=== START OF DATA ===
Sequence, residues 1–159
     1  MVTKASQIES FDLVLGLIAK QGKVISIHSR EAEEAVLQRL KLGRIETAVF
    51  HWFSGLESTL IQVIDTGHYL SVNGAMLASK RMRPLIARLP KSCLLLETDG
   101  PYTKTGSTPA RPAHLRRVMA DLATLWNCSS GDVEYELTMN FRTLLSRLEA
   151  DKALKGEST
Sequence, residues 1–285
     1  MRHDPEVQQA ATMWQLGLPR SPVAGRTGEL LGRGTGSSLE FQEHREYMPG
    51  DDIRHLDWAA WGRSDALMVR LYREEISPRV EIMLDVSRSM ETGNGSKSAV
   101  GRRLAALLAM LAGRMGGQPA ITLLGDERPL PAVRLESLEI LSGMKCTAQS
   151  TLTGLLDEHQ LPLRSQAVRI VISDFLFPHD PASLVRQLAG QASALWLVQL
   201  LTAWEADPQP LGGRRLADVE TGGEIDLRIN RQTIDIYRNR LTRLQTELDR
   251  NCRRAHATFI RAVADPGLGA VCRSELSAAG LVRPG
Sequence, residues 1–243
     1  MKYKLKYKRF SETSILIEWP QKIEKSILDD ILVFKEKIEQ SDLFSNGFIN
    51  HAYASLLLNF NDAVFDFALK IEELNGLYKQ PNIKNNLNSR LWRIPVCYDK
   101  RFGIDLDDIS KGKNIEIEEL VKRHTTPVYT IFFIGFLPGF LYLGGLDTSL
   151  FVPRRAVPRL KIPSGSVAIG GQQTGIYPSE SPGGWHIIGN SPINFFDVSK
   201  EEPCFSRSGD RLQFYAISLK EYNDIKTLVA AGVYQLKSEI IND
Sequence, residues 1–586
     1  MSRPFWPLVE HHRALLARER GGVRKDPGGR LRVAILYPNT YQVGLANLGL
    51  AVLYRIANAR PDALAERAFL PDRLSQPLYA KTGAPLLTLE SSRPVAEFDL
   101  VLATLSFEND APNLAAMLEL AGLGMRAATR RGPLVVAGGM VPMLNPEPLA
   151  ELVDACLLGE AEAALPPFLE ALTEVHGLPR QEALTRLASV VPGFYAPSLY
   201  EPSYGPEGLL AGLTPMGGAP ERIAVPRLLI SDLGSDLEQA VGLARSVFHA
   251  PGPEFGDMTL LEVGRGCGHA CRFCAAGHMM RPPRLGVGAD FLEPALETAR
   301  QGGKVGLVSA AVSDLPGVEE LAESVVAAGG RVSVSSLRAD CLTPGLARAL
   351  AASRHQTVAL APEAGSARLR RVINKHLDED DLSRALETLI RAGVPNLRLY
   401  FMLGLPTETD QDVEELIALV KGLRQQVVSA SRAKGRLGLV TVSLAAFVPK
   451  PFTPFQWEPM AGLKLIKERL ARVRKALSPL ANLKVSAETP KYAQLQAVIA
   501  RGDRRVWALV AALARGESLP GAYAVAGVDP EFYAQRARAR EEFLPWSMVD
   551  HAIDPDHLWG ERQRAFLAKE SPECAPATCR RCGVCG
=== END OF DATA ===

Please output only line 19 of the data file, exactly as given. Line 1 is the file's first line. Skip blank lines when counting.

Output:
Sequence, residues 1–586